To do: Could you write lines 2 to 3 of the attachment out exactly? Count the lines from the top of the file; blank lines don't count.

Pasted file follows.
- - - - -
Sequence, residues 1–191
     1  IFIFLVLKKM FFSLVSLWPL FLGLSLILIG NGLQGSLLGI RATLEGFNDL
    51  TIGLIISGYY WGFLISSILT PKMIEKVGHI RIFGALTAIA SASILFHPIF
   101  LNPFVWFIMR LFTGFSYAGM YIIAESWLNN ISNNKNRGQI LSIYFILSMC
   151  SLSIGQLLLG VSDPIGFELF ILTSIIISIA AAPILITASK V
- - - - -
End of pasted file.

     1  IFIFLVLKKM FFSLVSLWPL FLGLSLILIG NGLQGSLLGI RATLEGFNDL
    51  TIGLIISGYY WGFLISSILT PKMIEKVGHI RIFGALTAIA SASILFHPIF